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Salticidae Sunday - Phidippus regius (P. regius or regal)

Salticidae Sunday - Phidippus regius (P. regius or regal)

Allene Hester |

Phiddipus regius (P. regius) 





















Who doesn’t love a good story about royalty? I know I do, which is why I’m excited to write about the P. regius jumping spider. This species seems to remain popular among jumping spider enthusiasts and those that keep jumpers as pets.  

The regius’ common name is regal and regus in Latin means “the royal”. It's no wonder the regal is considered royalty. They are known for their color variations ranging from gray, tan, brown, red, etc.  

Pretty little thing


The regals range anywhere from 6-22 mm in length, with the females averaging slightly larger than the males. This makes them the largest known jumping spider in eastern North America. Males always alternate black and white on their first pair of legs. The dorsum (back) of the abdomen has white spots that, in my opinion, look similar to a face. Many people tend to mix up the male regal and the audax because they do look similar.  

Since I am taking this educational journey with you, I wanted to be able to provide a guide on how to tell the difference between them. I was able to find something detailing the differences between the audax, regal, and otiosus thanks to the University of Florida’s entomology page. I don’t know if that helps, but it is something.  

Basically, that translates into a bunch of stuff I still don’t understand. Keep reading, we will get there together.  

The regals chelicerae range from iridescent green, purple (*ahem* royal purple), red, blue, etc. and they have four tufts of setae (hair or bristle like hair) around their dorsal eyes. These setae look a lot like eyelashes in my opinion. I think it gives them personality and highlights the royal namesake.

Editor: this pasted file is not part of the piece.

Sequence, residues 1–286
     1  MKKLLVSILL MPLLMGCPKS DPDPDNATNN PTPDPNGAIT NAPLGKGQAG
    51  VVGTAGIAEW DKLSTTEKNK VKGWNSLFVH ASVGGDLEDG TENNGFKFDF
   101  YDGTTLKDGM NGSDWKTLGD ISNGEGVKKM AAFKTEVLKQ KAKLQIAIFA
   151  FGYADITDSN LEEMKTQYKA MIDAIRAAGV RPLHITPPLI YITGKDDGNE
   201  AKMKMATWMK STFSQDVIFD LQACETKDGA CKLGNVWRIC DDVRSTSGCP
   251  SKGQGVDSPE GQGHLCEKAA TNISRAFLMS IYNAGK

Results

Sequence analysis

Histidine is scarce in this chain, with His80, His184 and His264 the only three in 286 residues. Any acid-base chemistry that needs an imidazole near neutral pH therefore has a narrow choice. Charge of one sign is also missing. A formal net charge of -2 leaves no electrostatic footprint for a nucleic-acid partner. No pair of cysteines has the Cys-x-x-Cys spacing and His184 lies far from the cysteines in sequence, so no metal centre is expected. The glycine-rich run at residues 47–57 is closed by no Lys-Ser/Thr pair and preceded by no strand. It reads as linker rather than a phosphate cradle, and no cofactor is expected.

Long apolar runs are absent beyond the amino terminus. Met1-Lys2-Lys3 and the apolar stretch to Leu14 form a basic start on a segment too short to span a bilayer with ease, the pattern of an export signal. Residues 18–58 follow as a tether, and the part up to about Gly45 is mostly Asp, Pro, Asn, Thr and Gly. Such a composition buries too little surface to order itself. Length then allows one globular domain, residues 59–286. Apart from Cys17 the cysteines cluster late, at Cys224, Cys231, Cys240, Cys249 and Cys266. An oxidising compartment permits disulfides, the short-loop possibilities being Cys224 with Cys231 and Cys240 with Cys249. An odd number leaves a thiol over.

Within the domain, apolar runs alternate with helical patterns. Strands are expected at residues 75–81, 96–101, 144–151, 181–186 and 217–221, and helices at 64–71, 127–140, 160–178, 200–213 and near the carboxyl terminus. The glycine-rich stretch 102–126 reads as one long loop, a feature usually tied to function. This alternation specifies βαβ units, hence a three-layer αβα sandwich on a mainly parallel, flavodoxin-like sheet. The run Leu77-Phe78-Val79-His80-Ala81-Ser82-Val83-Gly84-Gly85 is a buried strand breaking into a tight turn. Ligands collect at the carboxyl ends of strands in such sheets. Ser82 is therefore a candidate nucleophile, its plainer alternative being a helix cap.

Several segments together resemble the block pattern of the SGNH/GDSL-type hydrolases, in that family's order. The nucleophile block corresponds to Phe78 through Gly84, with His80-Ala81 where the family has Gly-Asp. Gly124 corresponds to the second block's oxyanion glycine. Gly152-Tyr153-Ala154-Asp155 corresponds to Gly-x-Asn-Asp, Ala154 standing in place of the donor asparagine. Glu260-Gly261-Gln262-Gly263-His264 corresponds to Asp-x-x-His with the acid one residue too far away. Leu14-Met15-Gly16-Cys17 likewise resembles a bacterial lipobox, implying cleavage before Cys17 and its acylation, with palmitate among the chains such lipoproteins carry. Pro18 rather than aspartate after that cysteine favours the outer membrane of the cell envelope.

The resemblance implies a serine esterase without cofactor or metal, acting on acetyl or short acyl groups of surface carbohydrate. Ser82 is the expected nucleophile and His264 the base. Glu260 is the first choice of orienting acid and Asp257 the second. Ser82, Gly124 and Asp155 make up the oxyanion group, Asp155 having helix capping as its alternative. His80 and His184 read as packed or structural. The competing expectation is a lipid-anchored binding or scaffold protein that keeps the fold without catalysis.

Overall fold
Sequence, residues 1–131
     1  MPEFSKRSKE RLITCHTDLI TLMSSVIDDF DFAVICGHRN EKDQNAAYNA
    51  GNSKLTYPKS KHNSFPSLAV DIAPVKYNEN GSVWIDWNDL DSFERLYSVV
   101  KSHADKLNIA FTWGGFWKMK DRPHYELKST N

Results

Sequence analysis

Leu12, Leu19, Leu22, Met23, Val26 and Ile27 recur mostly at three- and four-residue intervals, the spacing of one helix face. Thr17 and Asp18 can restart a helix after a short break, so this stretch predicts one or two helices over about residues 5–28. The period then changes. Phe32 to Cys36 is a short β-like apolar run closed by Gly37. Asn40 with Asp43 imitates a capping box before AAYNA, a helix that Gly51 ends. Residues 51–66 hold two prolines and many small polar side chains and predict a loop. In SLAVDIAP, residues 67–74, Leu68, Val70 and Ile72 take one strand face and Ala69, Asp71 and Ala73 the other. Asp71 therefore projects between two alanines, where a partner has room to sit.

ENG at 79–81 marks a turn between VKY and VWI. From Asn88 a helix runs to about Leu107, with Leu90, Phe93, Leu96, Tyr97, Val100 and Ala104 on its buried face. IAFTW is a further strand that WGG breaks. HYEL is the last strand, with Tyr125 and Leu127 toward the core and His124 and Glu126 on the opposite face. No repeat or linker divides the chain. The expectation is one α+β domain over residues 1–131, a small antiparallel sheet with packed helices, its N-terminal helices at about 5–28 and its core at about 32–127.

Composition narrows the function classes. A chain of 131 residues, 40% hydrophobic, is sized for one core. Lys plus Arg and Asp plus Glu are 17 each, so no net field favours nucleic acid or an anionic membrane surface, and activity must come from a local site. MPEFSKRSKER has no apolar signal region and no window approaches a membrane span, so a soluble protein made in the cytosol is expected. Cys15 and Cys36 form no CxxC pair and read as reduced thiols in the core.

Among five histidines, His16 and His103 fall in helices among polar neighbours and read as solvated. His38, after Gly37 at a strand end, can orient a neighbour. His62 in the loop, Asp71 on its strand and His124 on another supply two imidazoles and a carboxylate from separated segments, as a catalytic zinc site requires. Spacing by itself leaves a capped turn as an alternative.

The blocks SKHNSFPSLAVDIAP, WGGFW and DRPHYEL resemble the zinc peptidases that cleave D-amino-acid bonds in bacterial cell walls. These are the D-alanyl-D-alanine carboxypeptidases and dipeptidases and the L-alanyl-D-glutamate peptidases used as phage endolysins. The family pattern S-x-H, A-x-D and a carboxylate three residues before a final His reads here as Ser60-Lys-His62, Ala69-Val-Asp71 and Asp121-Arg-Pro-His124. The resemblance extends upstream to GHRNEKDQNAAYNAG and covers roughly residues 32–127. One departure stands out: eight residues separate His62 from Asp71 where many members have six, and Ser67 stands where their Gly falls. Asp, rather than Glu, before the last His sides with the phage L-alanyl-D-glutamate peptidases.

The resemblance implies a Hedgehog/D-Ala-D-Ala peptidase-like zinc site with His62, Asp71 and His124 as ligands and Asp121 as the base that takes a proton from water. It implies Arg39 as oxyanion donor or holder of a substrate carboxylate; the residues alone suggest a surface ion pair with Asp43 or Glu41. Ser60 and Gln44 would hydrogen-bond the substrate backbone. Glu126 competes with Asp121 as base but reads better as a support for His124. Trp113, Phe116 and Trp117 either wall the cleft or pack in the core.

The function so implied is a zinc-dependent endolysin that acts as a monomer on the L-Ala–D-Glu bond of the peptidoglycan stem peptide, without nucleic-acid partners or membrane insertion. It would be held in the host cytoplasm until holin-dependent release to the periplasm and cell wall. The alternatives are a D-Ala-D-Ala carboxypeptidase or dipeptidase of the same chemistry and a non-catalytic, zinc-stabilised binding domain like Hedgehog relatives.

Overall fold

My what big eyes you have! 


Overall regals are pretty calm in nature from birth to adulthood. If any of you have a regal, I’m sure you have seen it. If you don't have a regal, or just want to watch their personalities in action, check out some videos from Phantistic Phids and Ophelia, the monster. These two breeders often post videos of their regals interacting with other spiders 

Check them out, they are fun to watch!  

Do it! 

They are playful and some great companions. 

Also, their trainable nature gave them a starring role in a study by the University of Manchester where they trained a regal to jump on command.  

Obligatory disclaimer: If you are going to socialize your spiders with each other, make sure to keep a close watch. They can be carnivorous. We do not recommend housing them together.  

Location and Habitat 

In the United States, the regal is commonly found in the Florida peninsula, but have also been found in the Greater Antilles and the Bahamas. Which should indicate their preferred climate; warm and humid. The regal is found in fairly open spaces like fields and/or not matured woodlands. Sub adults and adults prefer palms or semiarid habitats. They are also found on the walls of buildings.  

The females like to hide in bark when they are getting ready to lay their eggs. This keeps them hidden and safe. Females also lay up to 4 batches of eggs in their lifetime, each batch of eggs gets smaller, but the first batch can be as much as 180 eggs. Of course, not all the eggs/spiderlings will make it, which is why they lay so many.  

Individual Care 

We are working on putting together a care sheet, but I want to highlight the individual needs of these guys. As mentioned above, they prefer high humidity which can create a challenge for those of us living in a dry climate. If your humidity is not what it is in Florida, they can still be kept successfully, but they will require special attention. For the sake of these little guys, if you live in a dry climate and aren’t prepared to check their humidity levels at least daily, you may want to consider a jumper more native to your area.  

Because we are in Utah, we make sure to mist these guys daily. However, there is too much of a good thing. They do prefer humidity, but they also need ventilation to keep them from becoming too humid. We maintain good cross ventilation with our condos, which allows easy misting and can help reduce your chances of ending up with mold and bacteria growth. Proper ventilation is the key to helping reduce a potential problem.  






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